Non-Soap Shampoo Bar

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Soapsense

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I recently bought a shampoo Bar on vacation, and I actually really like it, but it doesn't appear to actually be soap. It looks like it was molded in two halfs and squeezed together like a bath bomb. All though it feels like soap.

Has anyone made these? The Ingredients were: Sodium coco sulfate, lemon juice, powdered lemon peel, cocoa butter, coconut oil, red raspberry seed oil, pro-vitamin B complex.
 

DeeAnna

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Your shampoo bar is a synthetic detergent; as you guessed, it is not lye-based soap. Nothing wrong with that -- I learned the hard way that lye-based soap does horrid things to my hair. I went back to commercial shampoo for awhile, and am just now starting to experiment with making my own syndet shampoo bars.

Dahlia is right -- Susan (swift crafty monkey) is the go-to girl for this information; pretty much all I know is from Susan and advice given here on SMF and "The Dish," another soap making forum. There are others on SMF besides Dahlia who have made this type of shampoo bar for a long time with good results. I'm a beginner, but will share what I've learned.

SCS is a fairly strong cleanser, so you might find it to be drying to your scalp and hair. Some people don't, but many do. I learned to avoid it when buying commercial shampoos -- it makes my hair feel dry and scalp itchy -- but my DH doesn't mind it at all.

For my shampoo bar recipe, I'm avoiding SCS entirely and am using these solid syndets instead -- SCI (sodium cocoyl isethionate) and SLSa (sdium lauryl sulfoacetate). These are both anionic syndets. SCI is mild with creamy foam. SLSa might be a bit stronger of a cleanser from what I gather, but it makes lots of fluffy, long lasting bubbles. I might experiment next time with just using the SCI as my only solid syndet and see what I think.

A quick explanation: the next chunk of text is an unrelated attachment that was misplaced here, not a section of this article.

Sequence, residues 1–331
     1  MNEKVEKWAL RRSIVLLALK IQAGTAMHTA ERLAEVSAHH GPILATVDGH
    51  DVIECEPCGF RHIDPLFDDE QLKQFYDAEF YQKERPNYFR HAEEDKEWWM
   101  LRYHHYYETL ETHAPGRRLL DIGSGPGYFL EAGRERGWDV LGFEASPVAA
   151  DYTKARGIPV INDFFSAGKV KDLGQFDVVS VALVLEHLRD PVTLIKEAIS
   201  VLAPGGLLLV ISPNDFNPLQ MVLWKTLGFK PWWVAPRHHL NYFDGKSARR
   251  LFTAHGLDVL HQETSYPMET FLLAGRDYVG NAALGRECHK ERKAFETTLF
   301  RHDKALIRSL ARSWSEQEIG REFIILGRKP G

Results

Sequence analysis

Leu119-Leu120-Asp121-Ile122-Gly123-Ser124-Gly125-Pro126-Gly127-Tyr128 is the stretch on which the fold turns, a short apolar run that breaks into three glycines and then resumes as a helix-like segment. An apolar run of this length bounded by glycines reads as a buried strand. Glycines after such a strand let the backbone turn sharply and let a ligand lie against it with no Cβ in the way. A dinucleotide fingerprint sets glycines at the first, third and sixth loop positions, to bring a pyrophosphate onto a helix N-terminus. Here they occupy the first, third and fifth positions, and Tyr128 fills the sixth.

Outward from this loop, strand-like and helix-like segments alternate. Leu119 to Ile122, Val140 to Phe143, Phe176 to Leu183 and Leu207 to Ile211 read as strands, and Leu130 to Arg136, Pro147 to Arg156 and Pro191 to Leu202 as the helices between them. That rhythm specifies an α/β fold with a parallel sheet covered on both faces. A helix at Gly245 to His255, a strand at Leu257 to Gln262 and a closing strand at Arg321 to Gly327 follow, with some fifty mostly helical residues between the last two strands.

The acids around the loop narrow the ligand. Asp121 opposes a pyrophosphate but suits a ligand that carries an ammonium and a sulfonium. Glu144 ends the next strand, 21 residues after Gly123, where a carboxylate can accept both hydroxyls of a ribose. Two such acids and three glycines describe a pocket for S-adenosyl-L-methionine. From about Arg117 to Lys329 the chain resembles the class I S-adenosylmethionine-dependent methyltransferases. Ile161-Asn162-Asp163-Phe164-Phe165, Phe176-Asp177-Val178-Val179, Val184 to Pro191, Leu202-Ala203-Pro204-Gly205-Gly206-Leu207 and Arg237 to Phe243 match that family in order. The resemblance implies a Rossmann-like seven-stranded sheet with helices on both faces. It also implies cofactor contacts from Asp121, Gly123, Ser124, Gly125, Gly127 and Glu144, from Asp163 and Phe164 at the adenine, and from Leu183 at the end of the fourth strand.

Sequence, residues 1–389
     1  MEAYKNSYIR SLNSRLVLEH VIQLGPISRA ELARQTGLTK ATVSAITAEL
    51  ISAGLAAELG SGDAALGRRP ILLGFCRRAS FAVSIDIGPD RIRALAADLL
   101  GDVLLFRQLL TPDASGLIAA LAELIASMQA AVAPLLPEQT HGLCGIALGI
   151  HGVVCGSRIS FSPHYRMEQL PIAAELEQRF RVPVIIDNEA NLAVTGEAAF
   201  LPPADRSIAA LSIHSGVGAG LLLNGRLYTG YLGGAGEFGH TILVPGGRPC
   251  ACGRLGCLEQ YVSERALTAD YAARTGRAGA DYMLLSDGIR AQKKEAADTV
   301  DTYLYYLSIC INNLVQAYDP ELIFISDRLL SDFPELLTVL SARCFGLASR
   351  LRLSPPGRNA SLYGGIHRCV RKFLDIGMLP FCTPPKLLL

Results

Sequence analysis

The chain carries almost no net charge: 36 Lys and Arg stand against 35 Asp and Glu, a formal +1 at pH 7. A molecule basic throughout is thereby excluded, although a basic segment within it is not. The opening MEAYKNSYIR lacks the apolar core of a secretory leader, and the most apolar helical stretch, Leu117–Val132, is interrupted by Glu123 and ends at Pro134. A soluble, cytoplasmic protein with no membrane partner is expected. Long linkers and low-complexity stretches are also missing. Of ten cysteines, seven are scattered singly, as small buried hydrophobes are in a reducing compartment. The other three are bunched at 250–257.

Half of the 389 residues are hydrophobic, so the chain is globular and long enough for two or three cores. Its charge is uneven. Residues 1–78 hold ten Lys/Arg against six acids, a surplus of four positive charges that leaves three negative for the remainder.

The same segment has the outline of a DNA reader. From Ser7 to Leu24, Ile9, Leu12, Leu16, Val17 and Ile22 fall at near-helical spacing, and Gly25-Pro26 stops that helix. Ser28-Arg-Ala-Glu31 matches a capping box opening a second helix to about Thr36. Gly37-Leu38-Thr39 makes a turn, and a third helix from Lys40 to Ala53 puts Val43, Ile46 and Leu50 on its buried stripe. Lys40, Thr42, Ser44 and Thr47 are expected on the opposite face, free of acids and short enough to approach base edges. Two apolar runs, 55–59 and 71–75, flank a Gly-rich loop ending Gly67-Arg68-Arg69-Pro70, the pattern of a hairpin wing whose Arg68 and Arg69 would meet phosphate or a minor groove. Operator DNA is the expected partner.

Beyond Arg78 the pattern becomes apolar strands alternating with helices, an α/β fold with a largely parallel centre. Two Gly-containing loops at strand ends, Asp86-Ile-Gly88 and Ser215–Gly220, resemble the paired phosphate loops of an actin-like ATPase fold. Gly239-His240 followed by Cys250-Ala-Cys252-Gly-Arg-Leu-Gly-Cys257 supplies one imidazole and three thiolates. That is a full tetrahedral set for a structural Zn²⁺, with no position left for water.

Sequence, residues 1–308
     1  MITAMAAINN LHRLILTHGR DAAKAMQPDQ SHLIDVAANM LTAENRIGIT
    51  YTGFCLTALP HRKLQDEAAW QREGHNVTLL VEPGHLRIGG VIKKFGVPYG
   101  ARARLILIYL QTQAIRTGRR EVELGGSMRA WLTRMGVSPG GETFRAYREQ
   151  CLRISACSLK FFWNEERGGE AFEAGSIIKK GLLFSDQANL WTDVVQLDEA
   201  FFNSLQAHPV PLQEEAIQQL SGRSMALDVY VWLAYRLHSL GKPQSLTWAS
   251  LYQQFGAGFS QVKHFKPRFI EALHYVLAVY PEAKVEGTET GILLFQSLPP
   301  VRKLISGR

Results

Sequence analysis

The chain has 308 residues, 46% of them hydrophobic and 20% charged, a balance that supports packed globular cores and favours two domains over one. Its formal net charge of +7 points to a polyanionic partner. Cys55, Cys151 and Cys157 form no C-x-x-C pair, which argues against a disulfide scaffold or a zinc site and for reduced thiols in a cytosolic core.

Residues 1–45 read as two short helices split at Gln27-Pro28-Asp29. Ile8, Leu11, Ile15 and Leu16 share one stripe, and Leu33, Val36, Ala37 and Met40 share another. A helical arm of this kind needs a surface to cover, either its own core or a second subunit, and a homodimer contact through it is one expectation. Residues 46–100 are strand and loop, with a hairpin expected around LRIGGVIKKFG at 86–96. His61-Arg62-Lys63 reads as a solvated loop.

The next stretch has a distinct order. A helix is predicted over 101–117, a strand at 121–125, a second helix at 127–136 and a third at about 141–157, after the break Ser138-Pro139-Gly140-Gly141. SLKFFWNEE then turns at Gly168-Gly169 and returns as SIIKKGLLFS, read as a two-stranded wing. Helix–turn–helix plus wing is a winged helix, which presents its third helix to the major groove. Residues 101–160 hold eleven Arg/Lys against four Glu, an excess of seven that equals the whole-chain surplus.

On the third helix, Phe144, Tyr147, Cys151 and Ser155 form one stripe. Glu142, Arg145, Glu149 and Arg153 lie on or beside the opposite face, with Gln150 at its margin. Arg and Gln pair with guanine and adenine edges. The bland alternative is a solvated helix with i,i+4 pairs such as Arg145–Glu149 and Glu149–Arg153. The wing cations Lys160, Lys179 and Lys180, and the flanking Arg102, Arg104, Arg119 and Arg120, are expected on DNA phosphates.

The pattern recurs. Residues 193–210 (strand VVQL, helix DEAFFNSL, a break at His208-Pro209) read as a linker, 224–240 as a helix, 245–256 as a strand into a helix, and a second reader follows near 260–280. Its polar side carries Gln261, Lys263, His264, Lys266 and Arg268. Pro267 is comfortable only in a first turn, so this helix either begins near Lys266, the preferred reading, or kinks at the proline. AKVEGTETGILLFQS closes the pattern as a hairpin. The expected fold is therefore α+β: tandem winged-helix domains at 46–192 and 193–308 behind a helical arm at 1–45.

Susan says mixing syndets of different types (anionic, cationic, amphoteric) causes the resulting mix to be milder, so I added liquid coamidopropyl betaine to my recipe, again following what I learned from her. It's an "amphoteric" syndet that reduces static in hair and makes a quick foamy lather. It is a poor cleanser however -- that's fine for babies, but not so much for adult shampoo. You need a bit of liquid to create the shampoo bar, so this syndet does double duty as the liquid in the recipe.

I can't speak to the use of lemon juice in a syndet shampoo. If used specifically to adjust the pH to a desired range, it might be fine, but if it's been added "just because" lemon juice is supposed to be good for hair, then I'm not so sure. It might be better to use the lemon juice as a rinse after shampooing and use a non-acidic liquid to aid in making the shampoo bar. But that's just a guess on my part.
 

Soapsense

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I want to thank you both for the great info. I had no idea where to start, and it was expensive to buy when I was pretty sure I could make it myself. I also didn't like my hair when using the Lye based versions that I made.
 

DeeAnna

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It took me a long time to make the plunge to make a syndet shampoo. I was overwhelmed by all the possible combinations of syndets and other ingredients. That's one of the problems with haunting Susan's blog -- there are a lot of ingredients out there to learn about and she is enthused about sharing a lot of them with her readers. Sometimes it's daunting.

There's some crossover of the additives for use in my lotions, but the syndets are not so versatile, at least given my level of understanding of them at the moment. So the experiment was rather on the expensive side -- about $40 for ingredients to make one 100 gram trial shampoo bar.

So far I like the results, and I have my mentors to thank for getting started on the right foot. I was pretty enthused at first about using soap-as-shampoo, however, so I'm wary of getting too enthused too soon about this too. :think: Time will tell if I think the shampoo bar is truly worthwhile.
 

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